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Tom Young, vice president of Dunn Company (a producer of plastic products), has been supervising the implementation of an activity-based cost management system. One of Tom’s objectives is to improve process efficiency by improving the activities that define the processes. To illustrate the potential of the new system to the president, Tom has decided to focus on two processes: production and customer service. Within each process, one activity will be selected for improvement: molding for production and sustaining engineering for customer service. (Sustaining engineers are responsible for redesigning products based on customer needs and feedback.) Value-added standards are identified for each activity. For molding, the value-added standard calls for nine pounds per mold. (Although the products differ in shape and function, their size, as measured by weight, is uniform.) The value-added standard is based on the elimination of all waste due to defective molds (materials is by far the major cost for the molding activity). The standard price for molding is $15 per pound. For sustaining engineering, the standard is 60 percent of current practical activity capacity. This standard is based on the fact that about 40 percent of the complaints have to do with design features that could have been avoided or anticipated by the company. Current practical capacity (the first year) is defined by the following requirements: 18,000 engineering hours for each product group that has been on the market or in development for five years or less, and 7,200 hours per product group of more than five years. Four product groups have less than five years’ experience, and 10 product groups have more. There are 72 engineers, each paid a salary of $70,000. Each engineer can provide 2,000 hours of service per year. There are no other significant costs for the engineering activity. For the first year, actual pounds used for molding were 25 percent above the level called for by the value-added standard; engineering usage was 138,000 hours. There were 240,000 units of output produced. Tom and the operational managers have selected some improvement measures that promise to reduce non-value-added activity usage by 30 percent in the second year. Selected actual results achieved for the second year are as follows: The actual prices paid per pound and per engineering hour are identical to the standard or budgeted prices. Required: 1. For the first year, calculate the non-value-added usage and costs for molding and sustaining engineering. Also, calculate the cost of unused capacity for the engineering activity. 2. Using the targeted reduction, establish kaizen standards for molding and engineering (for the second year). 3. Using the kaizen standards prepared in Requirement 2, compute the second-year usage variances, expressed in both physical and financial measures, for molding and engineering. (For engineering, explain why it is necessary to compare actual resource usage with the kaizen standard.) Comment on the company’s ability to achieve its targeted reductions. In particular, discuss what measures the company must take to capture any realized reductions in resource usage.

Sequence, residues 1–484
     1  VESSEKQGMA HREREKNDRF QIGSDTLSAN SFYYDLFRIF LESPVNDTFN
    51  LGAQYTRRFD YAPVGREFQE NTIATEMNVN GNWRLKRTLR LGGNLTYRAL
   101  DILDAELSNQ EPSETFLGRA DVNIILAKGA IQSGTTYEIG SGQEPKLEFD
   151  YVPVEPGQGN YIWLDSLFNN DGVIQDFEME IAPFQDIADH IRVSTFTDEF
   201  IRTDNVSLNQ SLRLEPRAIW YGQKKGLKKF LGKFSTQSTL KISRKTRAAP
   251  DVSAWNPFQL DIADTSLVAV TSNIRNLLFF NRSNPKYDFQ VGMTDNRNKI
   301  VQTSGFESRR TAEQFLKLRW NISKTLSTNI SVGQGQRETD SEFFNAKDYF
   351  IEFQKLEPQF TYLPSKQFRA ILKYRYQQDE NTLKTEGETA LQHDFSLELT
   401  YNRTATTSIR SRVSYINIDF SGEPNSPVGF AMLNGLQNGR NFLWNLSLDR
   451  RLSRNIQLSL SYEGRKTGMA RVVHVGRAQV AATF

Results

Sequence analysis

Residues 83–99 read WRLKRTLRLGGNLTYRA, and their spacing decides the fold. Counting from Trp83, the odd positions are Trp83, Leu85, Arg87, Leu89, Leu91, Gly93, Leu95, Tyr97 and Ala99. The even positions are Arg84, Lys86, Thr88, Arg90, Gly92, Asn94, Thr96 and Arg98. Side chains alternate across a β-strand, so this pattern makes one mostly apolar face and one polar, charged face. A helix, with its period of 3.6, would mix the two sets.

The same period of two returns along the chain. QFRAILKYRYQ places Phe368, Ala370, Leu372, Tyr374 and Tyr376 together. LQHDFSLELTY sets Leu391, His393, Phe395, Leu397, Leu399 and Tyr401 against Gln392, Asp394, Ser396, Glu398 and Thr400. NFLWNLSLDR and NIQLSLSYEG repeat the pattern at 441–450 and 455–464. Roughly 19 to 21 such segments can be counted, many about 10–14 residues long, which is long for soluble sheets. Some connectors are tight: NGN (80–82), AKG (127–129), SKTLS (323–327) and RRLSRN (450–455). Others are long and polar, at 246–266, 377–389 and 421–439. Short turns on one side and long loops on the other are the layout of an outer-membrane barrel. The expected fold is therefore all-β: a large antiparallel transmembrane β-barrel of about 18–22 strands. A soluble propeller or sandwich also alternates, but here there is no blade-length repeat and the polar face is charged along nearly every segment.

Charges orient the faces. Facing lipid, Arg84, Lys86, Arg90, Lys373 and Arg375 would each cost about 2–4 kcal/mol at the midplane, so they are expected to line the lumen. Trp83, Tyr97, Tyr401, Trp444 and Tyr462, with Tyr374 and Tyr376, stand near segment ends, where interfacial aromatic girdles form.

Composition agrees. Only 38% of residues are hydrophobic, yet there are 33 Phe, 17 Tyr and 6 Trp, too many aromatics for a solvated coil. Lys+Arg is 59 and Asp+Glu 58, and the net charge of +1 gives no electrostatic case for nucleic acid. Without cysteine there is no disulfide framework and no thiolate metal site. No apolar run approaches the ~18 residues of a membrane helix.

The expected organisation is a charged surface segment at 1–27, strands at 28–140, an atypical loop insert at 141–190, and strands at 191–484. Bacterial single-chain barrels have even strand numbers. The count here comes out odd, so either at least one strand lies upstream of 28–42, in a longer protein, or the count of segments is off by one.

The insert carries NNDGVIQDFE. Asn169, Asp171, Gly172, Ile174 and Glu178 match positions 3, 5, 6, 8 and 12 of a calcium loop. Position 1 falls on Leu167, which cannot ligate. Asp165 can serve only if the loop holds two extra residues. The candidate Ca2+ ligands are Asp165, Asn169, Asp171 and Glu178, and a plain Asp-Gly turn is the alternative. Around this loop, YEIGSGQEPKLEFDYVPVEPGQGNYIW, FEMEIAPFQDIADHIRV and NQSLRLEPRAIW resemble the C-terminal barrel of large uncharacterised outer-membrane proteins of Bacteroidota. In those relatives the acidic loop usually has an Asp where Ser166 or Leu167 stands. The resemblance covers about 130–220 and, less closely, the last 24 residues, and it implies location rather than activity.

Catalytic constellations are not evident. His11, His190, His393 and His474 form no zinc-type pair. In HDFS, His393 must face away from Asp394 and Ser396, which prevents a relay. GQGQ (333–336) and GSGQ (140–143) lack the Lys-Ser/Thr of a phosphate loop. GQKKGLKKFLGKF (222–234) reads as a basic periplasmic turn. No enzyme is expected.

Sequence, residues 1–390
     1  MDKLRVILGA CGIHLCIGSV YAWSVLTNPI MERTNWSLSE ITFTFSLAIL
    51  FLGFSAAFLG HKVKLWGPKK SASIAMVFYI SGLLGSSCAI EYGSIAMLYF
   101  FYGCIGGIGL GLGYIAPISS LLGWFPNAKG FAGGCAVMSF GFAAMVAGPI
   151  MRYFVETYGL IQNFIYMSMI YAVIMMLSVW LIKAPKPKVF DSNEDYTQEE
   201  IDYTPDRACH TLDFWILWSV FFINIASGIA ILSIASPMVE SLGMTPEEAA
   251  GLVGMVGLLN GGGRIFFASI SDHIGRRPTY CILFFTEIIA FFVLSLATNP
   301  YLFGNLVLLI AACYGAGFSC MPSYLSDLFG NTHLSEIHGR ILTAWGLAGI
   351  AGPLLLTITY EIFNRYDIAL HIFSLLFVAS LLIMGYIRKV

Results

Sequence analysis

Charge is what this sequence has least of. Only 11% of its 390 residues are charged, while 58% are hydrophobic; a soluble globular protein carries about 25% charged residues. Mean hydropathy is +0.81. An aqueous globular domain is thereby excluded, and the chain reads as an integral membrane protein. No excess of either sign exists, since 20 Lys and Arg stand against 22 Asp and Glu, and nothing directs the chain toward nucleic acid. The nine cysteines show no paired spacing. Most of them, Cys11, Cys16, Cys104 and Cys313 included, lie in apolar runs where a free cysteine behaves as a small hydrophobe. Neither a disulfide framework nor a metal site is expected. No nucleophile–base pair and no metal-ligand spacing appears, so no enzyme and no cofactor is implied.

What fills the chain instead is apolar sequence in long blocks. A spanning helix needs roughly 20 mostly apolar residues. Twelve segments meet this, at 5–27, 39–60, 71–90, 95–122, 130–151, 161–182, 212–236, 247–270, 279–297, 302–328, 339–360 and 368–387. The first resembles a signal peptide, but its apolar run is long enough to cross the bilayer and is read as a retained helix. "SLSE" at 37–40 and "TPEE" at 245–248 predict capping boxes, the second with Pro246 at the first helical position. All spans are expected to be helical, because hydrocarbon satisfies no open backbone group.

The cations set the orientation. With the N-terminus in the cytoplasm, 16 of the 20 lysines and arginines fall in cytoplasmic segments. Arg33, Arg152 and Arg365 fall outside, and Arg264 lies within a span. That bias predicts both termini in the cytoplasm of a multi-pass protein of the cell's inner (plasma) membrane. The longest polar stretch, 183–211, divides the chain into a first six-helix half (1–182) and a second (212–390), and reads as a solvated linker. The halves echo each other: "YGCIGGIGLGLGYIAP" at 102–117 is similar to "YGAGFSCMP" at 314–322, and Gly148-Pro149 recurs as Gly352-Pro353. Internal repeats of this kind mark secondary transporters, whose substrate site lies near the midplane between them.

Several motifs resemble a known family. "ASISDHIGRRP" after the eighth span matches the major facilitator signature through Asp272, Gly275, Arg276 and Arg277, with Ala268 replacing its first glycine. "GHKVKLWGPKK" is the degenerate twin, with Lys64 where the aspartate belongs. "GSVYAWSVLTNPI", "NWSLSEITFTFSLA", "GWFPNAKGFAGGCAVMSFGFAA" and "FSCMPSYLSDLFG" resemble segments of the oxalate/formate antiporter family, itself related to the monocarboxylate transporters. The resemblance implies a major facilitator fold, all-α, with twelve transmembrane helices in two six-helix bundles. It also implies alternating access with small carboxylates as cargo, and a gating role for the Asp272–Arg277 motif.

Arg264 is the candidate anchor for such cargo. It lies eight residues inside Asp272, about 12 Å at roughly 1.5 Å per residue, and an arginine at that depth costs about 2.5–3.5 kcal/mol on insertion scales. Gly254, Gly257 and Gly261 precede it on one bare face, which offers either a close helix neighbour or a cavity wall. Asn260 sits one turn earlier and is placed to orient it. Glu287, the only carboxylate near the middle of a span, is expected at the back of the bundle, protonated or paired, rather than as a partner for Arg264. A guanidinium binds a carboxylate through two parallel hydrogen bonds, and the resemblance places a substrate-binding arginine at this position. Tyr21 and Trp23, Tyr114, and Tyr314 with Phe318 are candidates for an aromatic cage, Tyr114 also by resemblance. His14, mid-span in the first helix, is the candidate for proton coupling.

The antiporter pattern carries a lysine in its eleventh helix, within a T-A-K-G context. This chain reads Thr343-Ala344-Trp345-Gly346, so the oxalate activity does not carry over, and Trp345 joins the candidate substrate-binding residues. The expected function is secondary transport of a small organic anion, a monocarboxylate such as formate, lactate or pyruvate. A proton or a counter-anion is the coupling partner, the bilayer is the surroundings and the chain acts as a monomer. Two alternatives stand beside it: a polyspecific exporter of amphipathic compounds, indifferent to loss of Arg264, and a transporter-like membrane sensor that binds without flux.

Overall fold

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Cornerstones of Cost Management (C...

4th Edition
Don R. Hansen + 1 other
Publisher: Cengage Learning
ISBN: 9781305970663

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Chapter
Section
BuyFindarrow_forward

Cornerstones of Cost Management (C...

4th Edition
Don R. Hansen + 1 other
Publisher: Cengage Learning
ISBN: 9781305970663
Chapter 12, Problem 27P
Textbook Problem
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Tom Young, vice president of Dunn Company (a producer of plastic products), has been supervising the implementation of an activity-based cost management system. One of Tom’s objectives is to improve process efficiency by improving the activities that define the processes. To illustrate the potential of the new system to the president, Tom has decided to focus on two processes: production and customer service.